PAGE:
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DR. KILDARE DECIDES TO BRUSH UP HIS SHAKESPEARE

When I interviewed Richard Chamberlain for The New York Times in 1968, I thought him charming and modest, and it did seem to me that he was on his way to major stardom. He has yet to make it truly big in movies, though he's worked steadily and respectably on TV. --GUY FLATLEY

 

“I’ve just been reading ‘Richard III’ again, and I’d love to have a go at it.”

Who said that? John Gielgud? Laurence Olivier? Nicol Williamson? Guess again. Dr. Kildare, or as he is more properly known, Richard Chamberlain.

“I have always hated hospitals, with their room after room of people in pain.”

Who said that? Yes, that too was Richard Chamberlain, the sometimes surprising actor for whom “to operate or not to operate” will never again be the question. He was stopping in New York the other day, fresh from his triumph as “Hamlet,” with England’s Birmingham Repertory Theater. Decked out in impeccable Carnaby Street duds, and wearing his hair longer and darker than he ever dared at Blair General Hospital, he suavely discussed his career – where he has been and where he hopes he is going.

“I’ve forgotten Dr. Kildare,” the tall, leanly handsome, 34-year-old bachelor said of the all-American medic he had played on television for five years. “Actually, I rather liked ‘Ben Casey’; it had a toughness about it. We may not want to admit it, but hospitals are more like the one on ‘Ben Casey’ than the one on ‘Dr. Kildare.’ I did research for the show at General Hospital in Los Angeles, and once I saw a lady brought into a ward, shaking and weeping, frightened at finding herself in a strange place. Nobody came to hold her hand. They just left her sitting there, weeping. They didn’t have time.

“Doctors in the operating room don’t sweat, either. They’re just as likely to be discussing a baseball game. And the way they handle people’s insides! Yanking organs out, throwing them here and there.”

Chamberlain’s blue eyes grew enormous as he scooped up imaginary innards and tossed them over his shoulder onto the carpet of his Plaza suite.

The show that was supposed to make the public stop thinking “Dr. Kildare” and start thinking Richard Chamberlain was the 1966 Broadway musical of Truman Capote’s “Breakfast at Tiffany’s.” But David Merrick, the show’s producer, closed it before it had a chance to open.

“The preview audiences had come expecting a lighthearted musical, and what they got was a tragic story with a few songs. So they laughed us off the stage,” Chamberlain said, wincing at the memory. “Mary Tyler Moore gave a closing-night party at her place. We were all very manic – laughing a lot, drinking a lot. After the party, I walked by the theater; I wanted to see my name on that marquee one more time before they took it down. When I saw it, I started to cry, and I wept most of the night. But then it was all over. I shake things off easily.”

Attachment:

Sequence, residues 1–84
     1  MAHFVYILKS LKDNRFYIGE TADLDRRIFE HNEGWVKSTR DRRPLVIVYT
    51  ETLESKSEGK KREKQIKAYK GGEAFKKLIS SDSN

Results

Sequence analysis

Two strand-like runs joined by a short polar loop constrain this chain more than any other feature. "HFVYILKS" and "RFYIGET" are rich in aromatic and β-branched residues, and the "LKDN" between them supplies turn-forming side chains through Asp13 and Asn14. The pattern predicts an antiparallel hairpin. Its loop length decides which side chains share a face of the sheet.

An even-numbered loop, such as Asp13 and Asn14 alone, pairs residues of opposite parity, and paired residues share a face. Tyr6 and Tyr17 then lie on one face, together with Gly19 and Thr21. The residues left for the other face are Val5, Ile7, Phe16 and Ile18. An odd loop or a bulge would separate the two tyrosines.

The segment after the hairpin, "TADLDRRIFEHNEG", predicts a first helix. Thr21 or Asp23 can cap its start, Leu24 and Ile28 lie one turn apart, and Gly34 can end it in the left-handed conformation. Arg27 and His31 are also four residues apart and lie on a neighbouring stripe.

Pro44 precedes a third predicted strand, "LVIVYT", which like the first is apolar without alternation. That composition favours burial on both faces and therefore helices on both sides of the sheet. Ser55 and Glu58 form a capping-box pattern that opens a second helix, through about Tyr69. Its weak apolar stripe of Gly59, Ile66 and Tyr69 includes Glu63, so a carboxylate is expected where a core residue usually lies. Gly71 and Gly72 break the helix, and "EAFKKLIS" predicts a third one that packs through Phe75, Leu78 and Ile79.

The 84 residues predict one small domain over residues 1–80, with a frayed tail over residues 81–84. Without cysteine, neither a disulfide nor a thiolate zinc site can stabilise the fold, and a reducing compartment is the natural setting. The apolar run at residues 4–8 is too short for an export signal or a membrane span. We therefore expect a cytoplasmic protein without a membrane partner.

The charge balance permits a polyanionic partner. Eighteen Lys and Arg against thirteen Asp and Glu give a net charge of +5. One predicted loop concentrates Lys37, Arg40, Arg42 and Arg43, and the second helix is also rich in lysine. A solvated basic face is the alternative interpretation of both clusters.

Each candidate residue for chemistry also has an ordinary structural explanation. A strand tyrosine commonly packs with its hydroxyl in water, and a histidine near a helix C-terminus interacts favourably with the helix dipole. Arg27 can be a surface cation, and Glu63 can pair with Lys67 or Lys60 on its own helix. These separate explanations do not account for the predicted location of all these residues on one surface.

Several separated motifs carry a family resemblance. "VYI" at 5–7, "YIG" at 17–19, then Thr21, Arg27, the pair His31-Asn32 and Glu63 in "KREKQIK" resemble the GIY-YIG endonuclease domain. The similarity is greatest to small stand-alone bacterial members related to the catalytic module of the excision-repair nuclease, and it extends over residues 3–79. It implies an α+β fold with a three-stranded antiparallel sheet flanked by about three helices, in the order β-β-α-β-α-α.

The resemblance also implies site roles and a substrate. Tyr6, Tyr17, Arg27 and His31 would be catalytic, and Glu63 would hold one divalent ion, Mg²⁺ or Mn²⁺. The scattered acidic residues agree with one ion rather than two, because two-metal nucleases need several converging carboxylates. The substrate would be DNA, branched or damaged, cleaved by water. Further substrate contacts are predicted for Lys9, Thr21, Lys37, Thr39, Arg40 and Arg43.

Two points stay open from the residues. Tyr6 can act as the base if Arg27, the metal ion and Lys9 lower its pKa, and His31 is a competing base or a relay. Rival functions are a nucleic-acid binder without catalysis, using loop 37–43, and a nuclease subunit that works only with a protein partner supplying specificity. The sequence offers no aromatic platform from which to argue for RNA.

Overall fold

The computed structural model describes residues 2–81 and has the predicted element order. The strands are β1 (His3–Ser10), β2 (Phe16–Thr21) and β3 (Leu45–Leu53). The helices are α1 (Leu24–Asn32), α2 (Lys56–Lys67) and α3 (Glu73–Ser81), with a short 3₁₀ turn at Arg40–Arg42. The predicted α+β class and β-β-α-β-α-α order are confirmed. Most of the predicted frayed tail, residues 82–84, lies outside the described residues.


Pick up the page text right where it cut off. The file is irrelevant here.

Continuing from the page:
For a while, Chamberlain’s movie career, too, seemed to be in grave peril. True, he had signed a seven-year contract with M-G-M in 1961, but they gave him only two minor films, “Twilight of Honor” and “Joy in the Morning.” It wasn’t until 1968, with Richard Lester’s “Petulia,” in which he persuasively played the small but meaty role of Julie Christie’s cruel, neurotic husband, that the prognosis brightened. After that came the young romantic lead in “The Madwoman of Chaillot,” with Katharine Hepburn, and soon he will be off to play Octavius Caesar in a new film version of Shakespeare’s “Julius Caesar,” with Charlton Heston and John Gielgud.

“I was also up for a role in ‘Catch-22’ – I would have loved working with Mike Nichols – but nothing happened,” Chamberlain said, a trifle gloomily. “But if I had done that, I would not have been available for ‘Hamlet,’ which accomplished more for me, career-wise, than ‘Catch-22’ would have.

“Everyone said that Peter Dews, the director of the Birmingham Repertory Theater, was insane when he asked me to do ‘Hamlet.’ And for the first three weeks of rehearsals, it was very depressing. I just sort of lumbered about the stage, whispering my lines, when what Peter really wanted was to have the walls come tumbling down in great bursts of emotion. But after that, everything was all right.

“I saw Nicol Williamson’s ‘Hamlet’ in London, but it was a somewhat down performance that evening. My interpretation and his are poles apart. I see Hamlet as a romantic prince. He sees him as just the opposite. God, he’s a clever actor.

“My Hamlet varied from night to night, because the character is hard to pin down. On some nights, there would be this dreadful three hours of silence from the audience, and I didn’t know if they liked me or not. And then, at the end, there would be a great noise of applause. It was super.

“My mother came over to see the play, and afterward she came backstage. Her eyes were red and tears were still streaming down her cheeks. I said, ‘Mother, you cried! I bet it was during the death scene, wasn’t it?’ ‘No,’ she said, ‘It was during all that applause!’ ”